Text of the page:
As expected, Britain’s Gary Oldman was named best actor for playing World War Two leader Winston Churchill in Warner Bros’. Darkest Hour, while Frances McDormand’s woman in a fury was a popular best actress winner for Fox Searchlight’s dark comedy Three Billboards Outside Ebbing, Missouri.
A Fantastic Woman, Chile’s groundbreaking story about a transgender woman, played by transgender actress Daniela Vega, won best foreign language film, and Mexican-inspired Coco was named best animated feature.
Sam Rockwell, and Allison Janney took home their first Oscars for their supporting roles Three Billboards and independent ice-skating movie I, Tonya, respectively.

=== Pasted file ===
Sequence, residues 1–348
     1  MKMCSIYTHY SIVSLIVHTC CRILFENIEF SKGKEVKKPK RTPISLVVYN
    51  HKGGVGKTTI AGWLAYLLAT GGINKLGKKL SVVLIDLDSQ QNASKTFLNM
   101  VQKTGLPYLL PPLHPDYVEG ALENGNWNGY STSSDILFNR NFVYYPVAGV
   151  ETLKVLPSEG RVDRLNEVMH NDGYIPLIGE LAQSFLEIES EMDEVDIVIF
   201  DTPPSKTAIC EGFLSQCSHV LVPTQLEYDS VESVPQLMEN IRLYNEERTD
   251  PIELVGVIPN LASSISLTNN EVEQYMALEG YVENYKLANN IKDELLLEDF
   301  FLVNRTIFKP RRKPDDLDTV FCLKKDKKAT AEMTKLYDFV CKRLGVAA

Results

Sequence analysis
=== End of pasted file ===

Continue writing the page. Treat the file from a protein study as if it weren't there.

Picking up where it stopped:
Following is a list of winners in key categories for the awards:
Best Picture: The Shape of Water
Best Actor : Gary Oldman – Darkest Hour
Best Actress: Frances McDormand – Three Billboards Outside Ebbing, Missouri
Best Director: Guillermo del Toro – The Shape of Water
Best Supporting Actor: Sam Rockwell – Three Billboards Outside Ebbing, Missouri
Best Supporting Actress: Allison Janney – I, Tonya
Best Original Screenplay: Get Out
Best Adapted Screenplay: Call Me By Your Name
Best Animated Film: Coco
Best Documentary Film: Icarus
Best Foreign Language Film: A Fantastic Woman – Chile
Original Song: Remember Me – Coco
China said on Monday that it would never tolerate any separatist schemes for self-ruled Taiwan and would safeguard China’s territorial integrity with the aim of“reunification” with an island it considers its sacred territory.
Premier Li Keqiang issued the warning in a speech at the opening of the annual session of China’s parliament, his stern words coming amid mounting Chinese anger over a US bill that seeks to raise official contacts between Washington and Taipei.